The influence of the German constitution in Africa
On May 23, 1949, Germany's Basic Law was adopted and became a symbol of a new beginning. Some five decades later, German constitutional experts helped with the formulation of South Africa's postapartheid constitution, writes Deutsche Welle.
“Human dignity shall be inviolable.” The first article of the Basic Law contains a core element of the German constitution. Human dignity, individual freedom and equality before the law, as well as the decentralization of state power, are values that give the Basic Law a strong legitimacy — values that are also highly regarded on the African continent, constitutional expert and former Christian Democrat parliamentarian Ulrich Karpen told Deutsche Welle (DW). The legal system of the Republic of Germany is regarded as highly successful and has inspired a number of African constitutions, he said.
Karpen was one of three German constitutional experts who advised the South African constituent assembly after the end of apartheid in 1994. He told DW the German team had sought to give the South Africans advice based not on party affiliations but focused rather on a non-partisan understanding of the constitutional idea and spirit.
Between 1994 and 1996, South Africa had an interim constitution which guaranteed equal rights for all citzens and which laid the ground for the reintegration of the so-called homelands – territories reserved under apartheid for various ethnic groups – into the new South African state. The final constitution went into force in February 1997.
Parallels between South Africa and Germany
James Fowkes, a South African professor of international law at the University of Münster in Germany, recalls that the first justices of the South African post-apartheid Constitutional Court met for the first time in the German city of Karlsruhe, seat of the German Constitutional Court, on the invitation of the German government. “There was certainly great interest in supporting the South African project,” he told DW. “The drafting of the text was a local affair but it was these kinds of informal connections that were often very important in bringing ideas in.”
One of the South African judges at that meeting in Karlsruhe was Johann Kriegler, now retired. “Before the South African Constitutional Court heard its first case, all the justices of the court spent ten days in Germany. It was a very fruitful and educative time and we learned skilled adjudication of constitutional issues from our German colleagues,” he recalled.
Fowkes sees a clear parallel between postwar West Germany in the 1940s and South Africa after the end of apartheid in the 1990s. “I think both systems understand their constitutions as a response to this kind of world historical evil and it's one of the things that really influenced the South African case. It has some appeal in other African countries as well but the historical parallel is less direct,” he said.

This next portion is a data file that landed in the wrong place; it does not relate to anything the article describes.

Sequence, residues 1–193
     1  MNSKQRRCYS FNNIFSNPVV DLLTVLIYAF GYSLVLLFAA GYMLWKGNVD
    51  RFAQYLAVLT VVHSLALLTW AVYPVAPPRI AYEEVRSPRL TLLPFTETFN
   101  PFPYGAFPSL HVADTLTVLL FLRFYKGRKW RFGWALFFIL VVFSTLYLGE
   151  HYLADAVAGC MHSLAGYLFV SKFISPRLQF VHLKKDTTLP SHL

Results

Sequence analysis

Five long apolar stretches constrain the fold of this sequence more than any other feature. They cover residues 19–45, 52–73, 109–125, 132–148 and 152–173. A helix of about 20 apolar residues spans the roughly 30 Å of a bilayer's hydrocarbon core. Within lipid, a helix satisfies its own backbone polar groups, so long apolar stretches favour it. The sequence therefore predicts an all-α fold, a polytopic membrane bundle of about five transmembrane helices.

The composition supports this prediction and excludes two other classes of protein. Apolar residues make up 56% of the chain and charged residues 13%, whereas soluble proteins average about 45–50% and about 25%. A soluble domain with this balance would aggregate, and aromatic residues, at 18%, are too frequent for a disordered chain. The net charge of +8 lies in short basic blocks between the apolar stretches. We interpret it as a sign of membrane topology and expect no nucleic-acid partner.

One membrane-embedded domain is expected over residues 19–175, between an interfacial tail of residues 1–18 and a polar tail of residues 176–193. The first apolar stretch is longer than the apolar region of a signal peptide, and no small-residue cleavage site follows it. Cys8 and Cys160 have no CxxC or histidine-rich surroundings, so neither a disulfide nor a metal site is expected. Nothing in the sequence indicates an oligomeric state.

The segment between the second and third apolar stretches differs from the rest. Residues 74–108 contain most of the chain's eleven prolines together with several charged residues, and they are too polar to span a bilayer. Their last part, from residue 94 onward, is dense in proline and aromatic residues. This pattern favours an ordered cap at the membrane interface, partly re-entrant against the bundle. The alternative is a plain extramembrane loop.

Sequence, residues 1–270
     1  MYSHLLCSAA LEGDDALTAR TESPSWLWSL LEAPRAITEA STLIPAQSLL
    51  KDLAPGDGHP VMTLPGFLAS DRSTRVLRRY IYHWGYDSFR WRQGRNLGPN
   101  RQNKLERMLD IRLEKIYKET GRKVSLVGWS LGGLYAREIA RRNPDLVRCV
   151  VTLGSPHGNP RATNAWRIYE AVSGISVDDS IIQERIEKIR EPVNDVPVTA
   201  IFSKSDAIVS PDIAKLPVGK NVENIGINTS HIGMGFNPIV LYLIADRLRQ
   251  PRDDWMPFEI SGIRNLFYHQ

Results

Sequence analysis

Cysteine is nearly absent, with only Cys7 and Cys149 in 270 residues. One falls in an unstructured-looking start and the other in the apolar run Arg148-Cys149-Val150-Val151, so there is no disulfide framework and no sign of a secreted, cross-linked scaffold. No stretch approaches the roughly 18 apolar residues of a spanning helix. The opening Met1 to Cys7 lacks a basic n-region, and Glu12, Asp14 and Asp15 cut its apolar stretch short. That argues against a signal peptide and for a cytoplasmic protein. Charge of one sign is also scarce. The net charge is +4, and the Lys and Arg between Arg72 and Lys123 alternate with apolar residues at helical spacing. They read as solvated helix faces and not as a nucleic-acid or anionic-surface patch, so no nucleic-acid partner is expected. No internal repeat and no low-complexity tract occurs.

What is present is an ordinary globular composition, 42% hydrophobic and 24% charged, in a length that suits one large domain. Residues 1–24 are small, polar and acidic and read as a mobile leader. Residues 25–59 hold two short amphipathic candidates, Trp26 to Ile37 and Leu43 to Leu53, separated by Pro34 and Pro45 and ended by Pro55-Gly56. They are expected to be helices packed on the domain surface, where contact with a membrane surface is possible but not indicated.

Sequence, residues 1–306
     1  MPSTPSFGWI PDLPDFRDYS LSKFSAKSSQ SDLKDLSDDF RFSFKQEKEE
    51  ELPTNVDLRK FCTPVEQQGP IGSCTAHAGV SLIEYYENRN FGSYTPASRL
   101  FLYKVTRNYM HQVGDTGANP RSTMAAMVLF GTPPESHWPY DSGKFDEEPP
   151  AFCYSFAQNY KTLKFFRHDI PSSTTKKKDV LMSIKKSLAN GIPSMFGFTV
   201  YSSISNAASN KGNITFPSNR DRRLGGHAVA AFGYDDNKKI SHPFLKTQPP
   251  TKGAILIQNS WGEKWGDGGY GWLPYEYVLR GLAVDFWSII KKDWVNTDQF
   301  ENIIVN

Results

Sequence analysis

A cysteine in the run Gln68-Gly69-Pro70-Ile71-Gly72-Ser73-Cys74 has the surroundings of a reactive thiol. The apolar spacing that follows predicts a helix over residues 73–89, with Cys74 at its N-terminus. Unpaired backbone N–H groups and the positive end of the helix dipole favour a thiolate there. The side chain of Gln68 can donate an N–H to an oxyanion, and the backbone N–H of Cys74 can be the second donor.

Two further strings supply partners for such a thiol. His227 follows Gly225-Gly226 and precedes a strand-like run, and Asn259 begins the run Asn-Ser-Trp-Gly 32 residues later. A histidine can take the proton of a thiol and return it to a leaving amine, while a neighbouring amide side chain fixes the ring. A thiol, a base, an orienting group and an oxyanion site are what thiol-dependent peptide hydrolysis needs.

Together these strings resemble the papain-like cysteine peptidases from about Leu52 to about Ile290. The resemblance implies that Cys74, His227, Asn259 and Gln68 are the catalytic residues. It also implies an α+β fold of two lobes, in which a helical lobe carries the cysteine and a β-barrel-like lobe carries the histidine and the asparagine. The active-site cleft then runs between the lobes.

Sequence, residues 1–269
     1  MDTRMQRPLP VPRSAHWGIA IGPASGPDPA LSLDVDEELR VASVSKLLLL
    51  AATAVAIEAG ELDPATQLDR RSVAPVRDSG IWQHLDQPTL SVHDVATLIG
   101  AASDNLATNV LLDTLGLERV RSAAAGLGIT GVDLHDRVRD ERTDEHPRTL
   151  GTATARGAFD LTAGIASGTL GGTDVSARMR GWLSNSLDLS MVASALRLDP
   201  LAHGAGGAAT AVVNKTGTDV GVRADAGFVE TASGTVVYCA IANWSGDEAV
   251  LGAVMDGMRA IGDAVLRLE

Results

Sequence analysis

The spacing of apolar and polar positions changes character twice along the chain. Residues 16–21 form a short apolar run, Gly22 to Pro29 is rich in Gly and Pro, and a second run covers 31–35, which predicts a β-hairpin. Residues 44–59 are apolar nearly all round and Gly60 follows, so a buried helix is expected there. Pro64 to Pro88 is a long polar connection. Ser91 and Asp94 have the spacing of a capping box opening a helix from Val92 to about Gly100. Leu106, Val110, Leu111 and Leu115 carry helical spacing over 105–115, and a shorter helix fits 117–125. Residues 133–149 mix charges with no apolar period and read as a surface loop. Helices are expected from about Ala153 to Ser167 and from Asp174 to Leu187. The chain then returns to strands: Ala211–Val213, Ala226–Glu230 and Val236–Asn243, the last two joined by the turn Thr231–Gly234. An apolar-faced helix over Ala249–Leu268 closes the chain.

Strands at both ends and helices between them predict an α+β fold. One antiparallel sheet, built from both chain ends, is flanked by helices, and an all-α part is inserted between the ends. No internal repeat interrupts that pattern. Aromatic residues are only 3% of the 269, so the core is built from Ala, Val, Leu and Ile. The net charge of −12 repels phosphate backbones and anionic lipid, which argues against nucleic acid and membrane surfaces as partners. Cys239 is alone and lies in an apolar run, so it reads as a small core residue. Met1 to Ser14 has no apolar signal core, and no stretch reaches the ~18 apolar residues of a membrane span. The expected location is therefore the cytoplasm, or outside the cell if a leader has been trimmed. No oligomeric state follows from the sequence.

German constitution marked 'a new beginning'
South Africa had recognised that the successful emergence of the Republic of Germany would not have been possible without the stable foundation of the Basic Law, says Ulrich Karpen. The South Africans also wanted to mark the end of an era, the era of colonialism, and sought to establish a form of order that had proved to be successful in other parts of the world. “In the eyes of these countries, that applied to Germany,” Karpen said.
Germany had succeeded, in the years following the Hitler dictatorship, to open a new chapter of democracy and rule of law. The Basic Law impetus of 'never again' inspired the work on the constitution in South Africa, says James Fowkes. And this in turn had an influence elsewhere in Africa. “For instance the Kenyan constitution borrows quite a lot from the South African constitution and so borrows from Germany indirectly,” Fowkes said.
In addition to South Africa, German constitutional expert Ulrich Karpen also acted as an advisor to Namibia and later Ethiopia. He points out that Germany was also involved in other African countries, such as Cameroon, Tanzania and Malawi. For instance, there is a clear link between Article One of the German Basic Law (“Human dignity shall be inviolable”) and Chapter Three of the Malawian constitution which says: “The inherent dignity and worth of each human being requires that the State and all persons shall recognize and protect fundamental human rights and afford the fullest protection to the rights and views of all individuals, groups and minorities whether or not they are entitled to vote.”
The strength of federalism
High up on the list of ideas adopted by other countries is “the supervisory function of the constitutional court as well as the principles of federalism,” Karpen said.
“In South Africa there are provinces. Here in Germany there are federal states which have their own life within the framework of the country. This should be reflected in the constitution and should accord the states, provinces and cities space to develop. This is how it is in the Republic of Germany, in the United States of America and also in South Africa.”